Tips from an HR expert: the remote office

We speak to Else-Marie Lång, a senior HR consult about what it means to work remotely.

What does it mean to work remotely full time? 

The concept of remote work has become more commonplace during the pandemic in order to make it easier for both employers and employees. I think that during this time, many employers have not considered any long-term consequences or how to handle remote work in the long-term. It has been a trial period for both parties.

Working remotely on a permanent basis means that both parties must agree on what that means, how it should be regulated in the employee’s contract and also understand any work environment issues.
 

What benefits and challenges have you experienced with this work model? 

For many employees, it has clearly been beneficial. For example, saving the time they would have spent commuting, being able to pick up their children on time or working alone and being able to concentrate better. Another benefit is being able to organise your workday yourself to some extent.

For others, it has been demanding. For example, for those who live in a small home, have children at home during the day or have partners who also work from home and therefore need an office space too. It may be difficult to draw a line between work and leisure and you can end up also working evenings and weekends. You never feel off-duty.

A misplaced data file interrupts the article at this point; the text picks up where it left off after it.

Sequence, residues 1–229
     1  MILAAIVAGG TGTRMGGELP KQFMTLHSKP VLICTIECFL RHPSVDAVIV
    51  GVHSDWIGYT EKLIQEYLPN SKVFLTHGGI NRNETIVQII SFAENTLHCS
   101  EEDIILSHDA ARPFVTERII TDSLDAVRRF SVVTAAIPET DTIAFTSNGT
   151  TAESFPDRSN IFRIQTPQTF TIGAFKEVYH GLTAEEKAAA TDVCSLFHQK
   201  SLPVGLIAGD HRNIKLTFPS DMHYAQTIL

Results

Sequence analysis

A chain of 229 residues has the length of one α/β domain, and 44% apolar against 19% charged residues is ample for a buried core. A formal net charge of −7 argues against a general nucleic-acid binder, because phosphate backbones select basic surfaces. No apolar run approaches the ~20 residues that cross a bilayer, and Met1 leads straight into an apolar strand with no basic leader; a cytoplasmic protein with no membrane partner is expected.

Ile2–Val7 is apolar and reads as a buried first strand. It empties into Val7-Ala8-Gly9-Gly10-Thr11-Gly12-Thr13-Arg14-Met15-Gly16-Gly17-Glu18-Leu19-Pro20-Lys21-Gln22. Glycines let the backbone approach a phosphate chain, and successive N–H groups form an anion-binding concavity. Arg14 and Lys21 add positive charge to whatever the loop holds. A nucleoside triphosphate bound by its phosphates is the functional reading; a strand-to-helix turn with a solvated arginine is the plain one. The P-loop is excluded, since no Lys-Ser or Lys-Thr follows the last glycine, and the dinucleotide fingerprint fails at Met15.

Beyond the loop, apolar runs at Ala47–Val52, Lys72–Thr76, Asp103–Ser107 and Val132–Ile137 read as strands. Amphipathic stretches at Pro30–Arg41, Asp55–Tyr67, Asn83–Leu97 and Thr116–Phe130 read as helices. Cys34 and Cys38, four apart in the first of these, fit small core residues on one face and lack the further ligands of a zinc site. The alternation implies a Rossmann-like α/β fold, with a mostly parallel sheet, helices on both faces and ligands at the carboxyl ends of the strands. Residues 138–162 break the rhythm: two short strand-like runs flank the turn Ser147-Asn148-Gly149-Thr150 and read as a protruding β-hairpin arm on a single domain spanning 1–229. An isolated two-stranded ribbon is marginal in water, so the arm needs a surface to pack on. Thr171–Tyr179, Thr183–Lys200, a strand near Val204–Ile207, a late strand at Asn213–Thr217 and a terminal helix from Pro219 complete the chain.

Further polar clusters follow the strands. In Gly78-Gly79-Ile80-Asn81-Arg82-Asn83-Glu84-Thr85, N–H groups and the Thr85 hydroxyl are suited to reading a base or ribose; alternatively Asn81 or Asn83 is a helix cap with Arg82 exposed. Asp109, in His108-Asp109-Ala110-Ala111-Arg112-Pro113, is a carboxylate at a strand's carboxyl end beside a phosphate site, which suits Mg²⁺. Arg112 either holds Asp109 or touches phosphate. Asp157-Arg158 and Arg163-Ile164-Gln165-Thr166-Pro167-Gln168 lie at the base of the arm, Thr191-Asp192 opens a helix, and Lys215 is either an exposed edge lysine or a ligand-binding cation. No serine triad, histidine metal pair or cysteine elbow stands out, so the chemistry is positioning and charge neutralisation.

For companies, it can lead to difficulties in communication between departments, groups and individuals. Sometimes when working remotely you find that information only flows one way, from the top down, and communication and development between colleagues may worsen.
 

What does the future hold for remote working? 

I think we will see more models for remote work in the future. Many companies will probably accept their employees working partly from the office, partly from home or elsewhere. But it is important to figure out how to maintain a "team feeling", how to participate in the company's values ​​and culture and how to transfer knowledge and skills to new employees.

Some employers will probably reduce their office space as the number of people working from the office on a daily basis will decrease. We may also see companies that completely remove their offices and instead rely only remote work or "co-working spaces".


What’s your best tip for remote work?

As an employer, you should set out a formal policy for remote work. It’s also important to stay up to date on rules and regulations around homeworkers and the responsibilities of the employer. You can get the latest guidance from the Health and Safety Executive (HSE).

Make it easier for employees to get good technical equipment and office furniture in their homes.

Remember, it is the responsibility of both the employer and the employee to continuously monitor how remote work is going and make adjustments if necessary.

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